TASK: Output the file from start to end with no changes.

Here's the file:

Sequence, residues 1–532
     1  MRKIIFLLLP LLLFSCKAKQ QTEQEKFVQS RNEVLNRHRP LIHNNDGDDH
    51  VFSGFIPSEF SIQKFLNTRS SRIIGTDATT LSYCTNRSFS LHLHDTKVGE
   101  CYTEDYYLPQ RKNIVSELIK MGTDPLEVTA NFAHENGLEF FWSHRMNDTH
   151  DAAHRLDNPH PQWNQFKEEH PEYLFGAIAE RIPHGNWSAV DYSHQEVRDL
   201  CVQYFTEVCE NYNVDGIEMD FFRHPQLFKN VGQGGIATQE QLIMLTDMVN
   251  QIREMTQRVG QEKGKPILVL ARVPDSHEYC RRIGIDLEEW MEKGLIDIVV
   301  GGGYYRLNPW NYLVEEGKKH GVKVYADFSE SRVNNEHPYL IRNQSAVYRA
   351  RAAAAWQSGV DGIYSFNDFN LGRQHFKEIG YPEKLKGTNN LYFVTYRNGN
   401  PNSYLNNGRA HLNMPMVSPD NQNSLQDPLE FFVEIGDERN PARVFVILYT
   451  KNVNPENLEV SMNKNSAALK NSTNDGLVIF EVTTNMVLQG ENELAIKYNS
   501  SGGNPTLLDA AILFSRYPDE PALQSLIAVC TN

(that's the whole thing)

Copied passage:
Sequence, residues 1–532
     1  MRKIIFLLLP LLLFSCKAKQ QTEQEKFVQS RNEVLNRHRP LIHNNDGDDH
    51  VFSGFIPSEF SIQKFLNTRS SRIIGTDATT LSYCTNRSFS LHLHDTKVGE
   101  CYTEDYYLPQ RKNIVSELIK MGTDPLEVTA NFAHENGLEF FWSHRMNDTH
   151  DAAHRLDNPH PQWNQFKEEH PEYLFGAIAE RIPHGNWSAV DYSHQEVRDL
   201  CVQYFTEVCE NYNVDGIEMD FFRHPQLFKN VGQGGIATQE QLIMLTDMVN
   251  QIREMTQRVG QEKGKPILVL ARVPDSHEYC RRIGIDLEEW MEKGLIDIVV
   301  GGGYYRLNPW NYLVEEGKKH GVKVYADFSE SRVNNEHPYL IRNQSAVYRA
   351  RAAAAWQSGV DGIYSFNDFN LGRQHFKEIG YPEKLKGTNN LYFVTYRNGN
   401  PNSYLNNGRA HLNMPMVSPD NQNSLQDPLE FFVEIGDERN PARVFVILYT
   451  KNVNPENLEV SMNKNSAALK NSTNDGLVIF EVTTNMVLQG ENELAIKYNS
   501  SGGNPTLLDA AILFSRYPDE PALQSLIAVC TN